Reggie Lewis, we hardly knew ye.
That’s an old form of tribute, spawned by a 19th Century British song that sardonically mourned the loss in war of a soldier who died, obviously, too young. Later, more somberly, it was famously applied to John F. Kennedy, whose Presidency and life were snuffed by an assassin’s bullet to the world’s shock and dismay.
But in the case of Lewis, the Boston Celtics guard who collapsed and died on July 27, 1993, from a confusing and ultimately lethal heart condition, the construction literally is true. As sad as Lewis’ death was to those throughout the NBA and across the sports world, its sheer impact was buffered by several factors.
First, the element of surprise was absent. Lewis had exhibited symptoms of a heart ailment – the eventual cause of death was deemed to be hypertrophic cardiomyopathy – in the preceding months, including his collapse in Game 1 of Boston’s 1993 first-round playoff series against Charlotte. He had been advised to retire, then got cleared for a return to the Celtics and had been shooting baskets at the team’s practice facility at Brandeis University in Waltham, Mass., when he collapsed and died.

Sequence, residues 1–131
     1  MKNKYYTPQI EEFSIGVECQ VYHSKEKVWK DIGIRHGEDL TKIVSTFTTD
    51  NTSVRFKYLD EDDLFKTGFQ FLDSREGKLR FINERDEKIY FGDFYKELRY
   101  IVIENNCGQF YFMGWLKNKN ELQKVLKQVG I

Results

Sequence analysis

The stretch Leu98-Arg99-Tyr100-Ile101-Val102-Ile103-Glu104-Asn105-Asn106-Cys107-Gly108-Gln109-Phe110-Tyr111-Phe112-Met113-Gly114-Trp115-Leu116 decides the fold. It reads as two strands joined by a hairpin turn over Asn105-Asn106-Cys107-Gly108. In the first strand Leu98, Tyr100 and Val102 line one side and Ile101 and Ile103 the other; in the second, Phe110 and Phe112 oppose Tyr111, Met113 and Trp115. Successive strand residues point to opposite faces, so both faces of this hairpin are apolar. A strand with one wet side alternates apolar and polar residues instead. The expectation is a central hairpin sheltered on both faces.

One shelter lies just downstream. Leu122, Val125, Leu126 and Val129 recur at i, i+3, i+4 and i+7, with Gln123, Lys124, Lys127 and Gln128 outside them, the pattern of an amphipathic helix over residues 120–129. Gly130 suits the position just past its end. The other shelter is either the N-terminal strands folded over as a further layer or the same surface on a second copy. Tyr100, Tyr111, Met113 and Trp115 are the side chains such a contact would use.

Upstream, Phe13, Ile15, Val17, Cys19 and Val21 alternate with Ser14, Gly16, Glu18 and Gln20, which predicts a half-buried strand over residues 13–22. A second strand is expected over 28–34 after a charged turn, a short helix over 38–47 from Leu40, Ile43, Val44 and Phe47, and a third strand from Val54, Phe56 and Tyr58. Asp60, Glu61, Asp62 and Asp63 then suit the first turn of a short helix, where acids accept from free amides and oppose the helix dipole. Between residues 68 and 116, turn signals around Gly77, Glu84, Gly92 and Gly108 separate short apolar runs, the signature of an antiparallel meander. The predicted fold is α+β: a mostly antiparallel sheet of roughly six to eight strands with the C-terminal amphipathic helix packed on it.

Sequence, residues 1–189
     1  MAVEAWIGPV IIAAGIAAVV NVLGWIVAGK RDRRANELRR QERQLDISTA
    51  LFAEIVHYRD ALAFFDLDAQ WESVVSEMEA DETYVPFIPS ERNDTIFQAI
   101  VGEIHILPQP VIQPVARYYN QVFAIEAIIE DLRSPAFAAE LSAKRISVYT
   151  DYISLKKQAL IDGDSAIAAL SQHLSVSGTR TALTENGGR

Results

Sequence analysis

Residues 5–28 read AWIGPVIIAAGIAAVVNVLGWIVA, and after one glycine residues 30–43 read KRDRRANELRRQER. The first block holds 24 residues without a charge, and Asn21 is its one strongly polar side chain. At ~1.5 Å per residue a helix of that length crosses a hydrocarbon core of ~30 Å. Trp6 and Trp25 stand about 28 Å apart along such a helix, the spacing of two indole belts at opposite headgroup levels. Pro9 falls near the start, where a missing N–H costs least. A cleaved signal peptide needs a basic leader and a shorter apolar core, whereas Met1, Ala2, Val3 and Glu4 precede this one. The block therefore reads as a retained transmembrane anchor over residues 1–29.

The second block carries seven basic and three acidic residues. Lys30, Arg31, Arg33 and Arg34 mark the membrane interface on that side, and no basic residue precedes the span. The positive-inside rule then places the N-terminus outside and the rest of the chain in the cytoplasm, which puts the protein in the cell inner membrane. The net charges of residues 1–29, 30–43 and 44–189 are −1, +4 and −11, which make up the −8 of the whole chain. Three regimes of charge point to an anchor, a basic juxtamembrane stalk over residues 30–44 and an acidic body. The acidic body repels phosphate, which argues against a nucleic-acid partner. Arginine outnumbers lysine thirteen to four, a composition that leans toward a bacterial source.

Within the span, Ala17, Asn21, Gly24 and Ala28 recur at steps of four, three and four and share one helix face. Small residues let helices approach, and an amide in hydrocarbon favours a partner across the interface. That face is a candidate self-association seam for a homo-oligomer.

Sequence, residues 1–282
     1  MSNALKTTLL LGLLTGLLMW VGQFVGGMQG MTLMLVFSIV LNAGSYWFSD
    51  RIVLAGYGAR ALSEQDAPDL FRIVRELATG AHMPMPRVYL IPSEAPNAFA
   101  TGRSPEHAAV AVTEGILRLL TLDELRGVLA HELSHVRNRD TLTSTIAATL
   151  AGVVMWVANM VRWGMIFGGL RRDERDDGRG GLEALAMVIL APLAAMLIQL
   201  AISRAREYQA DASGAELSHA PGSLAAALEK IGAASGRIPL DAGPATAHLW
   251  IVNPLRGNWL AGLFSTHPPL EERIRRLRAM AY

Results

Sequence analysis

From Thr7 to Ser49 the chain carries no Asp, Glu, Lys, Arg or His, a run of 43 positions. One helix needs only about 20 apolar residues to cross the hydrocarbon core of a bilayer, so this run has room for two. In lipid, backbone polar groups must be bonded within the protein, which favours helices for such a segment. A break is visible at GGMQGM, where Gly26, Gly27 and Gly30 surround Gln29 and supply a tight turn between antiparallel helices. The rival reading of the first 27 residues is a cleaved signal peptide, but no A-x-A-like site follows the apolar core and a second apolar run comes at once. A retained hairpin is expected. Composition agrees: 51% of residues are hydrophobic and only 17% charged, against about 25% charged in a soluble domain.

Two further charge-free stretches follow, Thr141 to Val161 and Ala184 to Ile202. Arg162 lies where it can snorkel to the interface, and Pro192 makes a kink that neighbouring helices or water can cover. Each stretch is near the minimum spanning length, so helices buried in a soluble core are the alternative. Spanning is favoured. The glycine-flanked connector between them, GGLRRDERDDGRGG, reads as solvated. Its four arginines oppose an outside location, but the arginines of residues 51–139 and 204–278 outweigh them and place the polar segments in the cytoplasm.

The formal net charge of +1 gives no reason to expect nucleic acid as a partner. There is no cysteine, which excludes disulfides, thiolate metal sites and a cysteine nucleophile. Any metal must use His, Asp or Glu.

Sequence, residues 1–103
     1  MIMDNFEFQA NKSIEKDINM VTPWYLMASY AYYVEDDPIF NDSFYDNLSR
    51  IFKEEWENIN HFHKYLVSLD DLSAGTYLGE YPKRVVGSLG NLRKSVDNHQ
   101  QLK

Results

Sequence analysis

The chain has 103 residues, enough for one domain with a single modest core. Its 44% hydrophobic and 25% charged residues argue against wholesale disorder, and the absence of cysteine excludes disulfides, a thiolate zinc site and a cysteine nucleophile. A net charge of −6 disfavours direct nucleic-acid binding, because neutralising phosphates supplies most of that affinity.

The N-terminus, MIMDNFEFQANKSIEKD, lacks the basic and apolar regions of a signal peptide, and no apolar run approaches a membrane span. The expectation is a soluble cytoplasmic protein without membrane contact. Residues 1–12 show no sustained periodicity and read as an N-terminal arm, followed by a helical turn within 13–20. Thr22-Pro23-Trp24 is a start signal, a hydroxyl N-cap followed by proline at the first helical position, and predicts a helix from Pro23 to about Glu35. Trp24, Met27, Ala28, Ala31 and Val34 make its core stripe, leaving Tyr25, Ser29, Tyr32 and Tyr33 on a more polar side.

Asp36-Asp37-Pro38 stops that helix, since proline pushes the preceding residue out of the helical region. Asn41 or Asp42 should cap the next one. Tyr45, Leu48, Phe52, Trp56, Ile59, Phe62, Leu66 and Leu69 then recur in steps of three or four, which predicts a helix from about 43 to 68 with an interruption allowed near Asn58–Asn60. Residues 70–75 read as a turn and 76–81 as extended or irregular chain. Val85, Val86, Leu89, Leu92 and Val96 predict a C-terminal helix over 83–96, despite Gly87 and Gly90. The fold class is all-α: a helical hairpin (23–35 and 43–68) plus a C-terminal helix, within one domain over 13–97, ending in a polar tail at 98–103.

This wasn’t Len Bias, the Celtics’ first-round selection and No. 2 pick overall in 1986, who died just two days after the Draft from a cocaine overdose. The franchise and Boston’s sports fans still were reeling from that when they tabbed Lewis the following spring at No. 22.
This wasn’t Hank Gathers, the Loyola Marymount forward who died in the middle of a WCC tournament game from the same conditions as ESPN cameras rolled. Gathers had shown symptoms, too, and had been prescribed medication, but largely was an unknown until his dramatic and public death (with current Miami Heat coach Erik Spoelstra on the floor that day, a point guard for the University of Portland).
A search for context, and an understanding of why Lewis’ death didn’t resonate nationally the way it might have or should have or, certainly, would have now in a world of 24/7 Internet and social media, yields only guesses. It doesn’t soothe the pain of a young family man dying so young, no matter if he’d poured in points for the Celtics on their parquet floor or picked up towels in their locker room.
That pain remains for those who knew Lewis, loved him and followed his career most closely. Veteran NBA writer Jackie MacMullan‘s tribute piece on ESPN.com covers so much of that because she and the people she interviewed about Lewis were a part of the Baltimore native’s life and premature death. Such as: